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Letter to mother describing a busy day with friends, working on forensic theme about Ireland, attending lectures, discussing music grades, her roommate's economics class, clothing needs, travel plans home for Thanksgiving, and news that her Composition teacher is getting married and will be replaced next term by a male teacher.
206 College Hall, Wellesley, Massachusetts, 28 November, 1911. Dear Mamma: A pair of gloves doesn't look much like a cantata, does it? But I was glad to get them just the same. I went to the vill the other day, and they kept my hands nice and warm. Well! such a siege of it as we have had! To-day - right now - is the first real breathing space. I'm glad a little vacation is coming to relieve the monotony. You see, it was this way. It was our turn to get the Sunday meal, so we chose to have breakfast. [page 2] Then we had invited Anne McKeon and the two other girls over from Natick, to have supper in our room and go to musical vespers with us. We also invited Bennie and Doris to come to dinner. So the day was as follows: We arose at seven-thirty, dressed, cooked and ate our breakfast, which took us till half-past ten. Then we hurriedly changed our clothes and flew off to chapel, leaving Nell and Julia to do the dishes. We sat almost on the front seat, and heard a good sermon. When we came back we dressed again for dinner, and meanwhile Bennie arrived. After dinner we sat around in the parlor as usual, and listened to the music. I played a little after everyone had gone. Then we came upstairs and read stories aloud, and made fudge. Soon Connie [page 3] dropped in on her way home from the Zoo. lab. where she had been working. They stayed till five o’clock, and as soon as they went we set to work getting supper. The girls from Natick came pretty soon, and we had a dandy time. Went to vespers, which were very nice, especially “Parsifal” and Shumann’s “Nachstück” [mis-spelling: Schumann’s “Nachtstüke”] on the organ. After we came back we served coffee and made fudge again. It didn't cook right this time, so had to be done over, and kept us busy till the p.m., after which we had to wash dishes. This fudge we saved to give to the Students’ Building fair, as we had promised some. It sounds like a strenuous day, but the only chance we have to be sociable and entertain our friends is on Sunday, so we have to use all opportunities. [page 4] Yesterday I devoted wholly and entirely to my Forensic, with the exception of one practise period and a walk to the vill. I managed to get it done, though, by two p.m., so I don't feel that the time was wasted. Ireland is a very interesting subject. I don't believe I could bring my work home now, but will get it all back later on in the year. Last night I also found time to attend a lecture on “Oxford in the Eighties and Nineties”, by an English woman. It was very interesting, and was illustrated. Say, do you remember whether or not “Miss Arnold”, who lives at Fox Howe, is the niece of Matthew Arnold, or some other relation? If so, she is the one who lectured here a few weeks ago. I just found out about it. The lecture was on “Arnold of Rugby.” [page 5] Yesterday was the most delightfully warm spring day; it was almost impossible to believe that Christmas is in just four weeks. We went into the Student Building Fair a few minutes, but I couldn't buy anything, because I was out of change. The display was very tempting. Friday afternoon I went to see Prof. Macdougall. I found him in the library, up in the book stacks. I told him I was disappointed in my work, and tried to find out what he expected. He was very nice, and considered the whole thing far less seriously than I thought. He said he shouldn't count the marks on these notebooks at all. I also told him how much [deletion: the] I enjoyed the choir’s singing of “Hark, hark my soul”, and explained to him how to [page 6] pronounce my name. After this interesting interview, imagine my surprise at what happened in class Saturday morning! He gave us a kind of quizz (mis-spelling: quiz), which I hadn't expected, (but it was a cinch), and then suddenly said, “Will Miss Rosa please gather up the papers?” He pronounced it right too. I suppose he thought he better practice saying it so he wouldn't forget. I think the rest of the class was as amused as I. Mr. Hamilton now remains to be conquered. At the music class the other day he called me “Rosah’ ” in the role - call. That's quite a new way. If I could only do something to make myself notorious enough, so that people would know my name from hearsay! [page 7] It would save so much trouble. My gym teacher says every time, “I cannot pronounce that name. How did you say it was?” I'm getting weary of telling her. I have just now been to see Miss Conant about presenting at Midyears’ those papers which I didn't write during the summer. I had to cut a class to do it, but it was all in a good cause. The clipping you enclosed was very interesting. The Miss Cowles mentioned, owns a very fine old house next door to the Hawleys’, which is shut up and said to be haunted. Esther and I got into it while I was there, and explored. Esther is rather offended at your remark about trying to emulate Hetty Green. She thinks you don't realize the practical [page 8] value of that Economics course. We are much exited [mis-spelling: excited] about going home to-morrow, but there is lots to be done before then. The instructors are piling in quizzes right and left, so that every one is about distracted. Luckily I don't have any till Saturday. If I decide after investigating my chiffonier, that I am going to need laundry again before coming home, I will get it ready to-night or to-morrow morning so that it will reach you this week. Otherwise I won't send it till about the time I come. Esther's coat came and is very cute. It is brown Russian Pony and is about the length of yours. But I still think I want a [deletion: bla] long one. The black ones are pretty, but are so extremely common, still it would look better with my hat then brown. [page 9] The clothes question continues to absorb. We got out the pink satin and examined it carefully the other day. Have you forgotten that I spoke of having it made over with that painted scarf of mine? Or don't you want to use the scarf? Point d’esprit would be very nice, but Esther thinks pink would look “like an actress!” As to how it shall be fixed, she says it must be low neck (not just Dutch, but low), and the skirt must fit tightly instead of bagging around as it does now. All I can think of for a dark dress is blue, but I haven't seen what the stores have, at all. What is the prevailing color? I'll tell you what I'd like, and that is a dress of black velvet, with real Irish collar and cuffs! [page 10] Senior year I'm going to want just “ slews” of white skirts and white tailored waists, so you may be preparing for that. The tailored waists would be handy now, in fact. I am going to send home with my laundry next time, the white waist I got in Boston. I've only worn it once because the cuffs of the sleeves are too large. After you get it fixed I can wear it oftener, but there's no hurry. I have taken my sweater down to Mrs. Davis’ to have it washed. I'll try and keep it nice till I come home, so it won't need cleaning again right away. Thanks very much for the check and the [page 11] fine letter about stocks and bonds. It's a great help (both are). Esther insists that she's going to pay for my ticket to Hartford and back, but I won't let her, will I? We've decided to go by the main line of the N.Y.N.H & H,, that is, go in to Boston and take the two o’clock train from there. It doesn't involve any waiting or changing, and gets us to Hartford a little sooner. We will get back Friday about noon. It's impossible to realize that Thanksgiving is here, and most of all that Christmas vacation is only 2 weeks off. I know the rest of the time will just fly! Your letter of Sunday has come now, so I will answer that too. It's very nice that Mrs. Moore and her daughter are to be there, but won't it be too much on your mind? [page 12] I can't send you my white dress just yet, because I'm going to take it to Farmington. But I'll try to get it to you next week. If you wear that at the cantata, what do I wear? A white skirt I suppose. The extra material for the choir sounds rather promising. But how can the Satterlee boys be in it? I thought they were in Rochester Business school. I fear the pianist will need to be quite proficient to keep up with such a fine choir. My alarm clock daily refuses to go off, so I haven't been doing so much in the getting-up line as I hoped. I don't know what is the matter of it. Miss Taylor (English Comp. teacher) announced to-day that after Christmas we are to have a man teacher! She's going to be married. Must stop now. With all kinds of love and wishes for Happy Thanksgiving, Mary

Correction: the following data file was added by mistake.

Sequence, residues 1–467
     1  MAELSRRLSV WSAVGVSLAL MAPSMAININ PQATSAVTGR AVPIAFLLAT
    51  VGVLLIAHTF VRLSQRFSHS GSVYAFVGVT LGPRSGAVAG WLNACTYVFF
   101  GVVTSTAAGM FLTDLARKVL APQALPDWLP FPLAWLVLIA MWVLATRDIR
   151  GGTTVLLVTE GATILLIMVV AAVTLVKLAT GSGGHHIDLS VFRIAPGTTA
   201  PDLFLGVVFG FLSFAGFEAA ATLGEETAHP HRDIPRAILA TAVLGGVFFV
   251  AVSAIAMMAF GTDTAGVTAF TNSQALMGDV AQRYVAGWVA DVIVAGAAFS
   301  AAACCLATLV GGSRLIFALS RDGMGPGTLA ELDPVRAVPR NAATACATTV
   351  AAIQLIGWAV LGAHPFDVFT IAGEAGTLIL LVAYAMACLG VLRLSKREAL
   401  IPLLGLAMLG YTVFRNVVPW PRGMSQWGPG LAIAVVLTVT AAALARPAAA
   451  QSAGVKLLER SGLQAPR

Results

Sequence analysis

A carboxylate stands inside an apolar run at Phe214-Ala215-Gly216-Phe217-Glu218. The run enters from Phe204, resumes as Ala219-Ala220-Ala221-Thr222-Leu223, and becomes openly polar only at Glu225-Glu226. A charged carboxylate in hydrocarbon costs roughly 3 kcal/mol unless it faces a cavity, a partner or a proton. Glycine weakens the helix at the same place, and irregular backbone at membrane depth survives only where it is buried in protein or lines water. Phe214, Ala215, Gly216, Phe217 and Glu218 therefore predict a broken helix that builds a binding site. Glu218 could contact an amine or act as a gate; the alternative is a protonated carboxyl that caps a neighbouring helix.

Dress;Faculty, Staff and Administrators;Academics;Student Life
Lectures and lecturing; Clothing and dress; Travel; Thanksgiving Day; College Hall
Rosa, Mary and Wellesley College Archives, "Letter from Mary Rosa, Wellesley, Massachusetts, to her mother, 1911 November 28" (1911). Mary Rosa letters (6C1914). 284.